Incels is Waging a ‘War on Women’ and an ‘Emerging Threat to Children’, Study Finds | UK News
Warning: This article contains terms and references that readers may find offensive.
The incel movement is waging a “war on women” and posing a growing threat to children, according to a report that calls on tech companies to step in to stop the radicalization of lonely men and boys online.
The incel – or “involuntary celibacy” – movement is an online subculture involving men who feel unable to have sex or find love and express extreme hostility and resentment towards women.
Research on the main incel forum revealed an “angry, belligerent and shameless community of men” who represent a “clear and present danger” to women and an “emerging threat to children”.
Users posted articles about rape every 29 minutes and forum rules were changed six months ago to take paedophilia into account.
More than a fifth of posts featured misogynistic, racist, anti-Semitic or anti-LGBTQ language, with 16% of posts containing misogynistic slurs, according to the study.
On the forum, Sky News found posts saying ‘women should be sex slaves’ and ‘I feel hate when I see a girl’.
The study of more than one million posts over 18 months found that posts mentioning mass murder increased by 59%.
Mass shooting perpetrators are known to have been active in incel communities or discussing their ideas, including Plymouth shot-stopper Jake Davisonwho killed five people including a three-year-old girl.
The researchers warned that “unchecked, incel communities have the potential to become further radicalized” and called on tech companies to take action.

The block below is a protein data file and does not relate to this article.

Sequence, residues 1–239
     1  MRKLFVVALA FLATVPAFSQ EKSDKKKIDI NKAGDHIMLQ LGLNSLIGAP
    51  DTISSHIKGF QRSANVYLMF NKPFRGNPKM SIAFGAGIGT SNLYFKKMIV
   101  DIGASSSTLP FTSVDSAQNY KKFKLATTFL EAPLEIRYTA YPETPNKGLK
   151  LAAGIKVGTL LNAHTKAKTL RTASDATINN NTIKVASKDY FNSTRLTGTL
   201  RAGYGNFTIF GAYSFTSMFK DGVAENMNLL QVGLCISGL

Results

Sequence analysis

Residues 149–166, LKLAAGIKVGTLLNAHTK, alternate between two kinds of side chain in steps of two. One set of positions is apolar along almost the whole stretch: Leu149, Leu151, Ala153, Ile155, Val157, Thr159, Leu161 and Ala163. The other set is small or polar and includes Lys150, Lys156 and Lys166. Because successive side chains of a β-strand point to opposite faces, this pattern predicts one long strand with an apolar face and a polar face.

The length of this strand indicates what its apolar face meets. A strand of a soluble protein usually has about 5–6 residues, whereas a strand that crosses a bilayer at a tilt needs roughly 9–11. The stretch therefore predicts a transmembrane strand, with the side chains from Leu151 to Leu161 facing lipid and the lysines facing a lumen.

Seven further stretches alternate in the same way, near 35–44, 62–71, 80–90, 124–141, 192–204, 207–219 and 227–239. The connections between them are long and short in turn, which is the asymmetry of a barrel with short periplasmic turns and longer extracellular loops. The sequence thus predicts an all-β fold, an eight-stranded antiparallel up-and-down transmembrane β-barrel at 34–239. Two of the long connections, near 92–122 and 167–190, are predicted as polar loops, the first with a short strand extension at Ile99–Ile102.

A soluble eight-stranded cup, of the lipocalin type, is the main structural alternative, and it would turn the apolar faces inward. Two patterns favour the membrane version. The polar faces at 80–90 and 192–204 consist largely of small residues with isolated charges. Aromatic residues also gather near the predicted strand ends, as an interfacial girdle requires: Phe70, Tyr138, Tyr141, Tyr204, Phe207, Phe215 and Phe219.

“Not Lone Wolves”
Imran Ahmed, chief executive of the Center for Countering Digital Hate (CCDH), a British non-profit group that conducted the study, said: “Incels are not lone wolves or socially isolated.
“They are actually entangled in very active communities with a cohesive and evolving ideology that has become even more radicalized over the past 18 months.
“They encourage each other to commit mass violence, normalize sexual violence against women, and have even codified their approval of the sexualization of children.”
UK pupil sought advice from Incels after ‘Prevent Dismissal’
In some cases, boys as young as 15 are being dragged down a rabbit hole of hate and extremism, research shows.
A user, who went by the pseudonym Carl in the report, posted on the forum asking for help after claiming to have been reported to Prevent for carrying a knife in his school bag.
Other forum members responded with advice on how to avoid online scrutiny and praised him for his decision to stop taking psychiatric drugs.
Throughout the thread, Carl referred to prescribed psychiatric medicine as “Jewish pills”, itself a reference to an incel conspiracy theory that psychiatric medicine is part of a Jewish plot to pacify white men.
The research was conducted by “scraping” forum posts and analyzing member activity, trends and keywords.
The forum received an average of 2.6 million monthly visits, with 17,118 members. In the 18 months covered, only 4,057 wrote posts.
Nearly half (43.8%) of traffic to the forum came from the US, with 7.5% from the UK.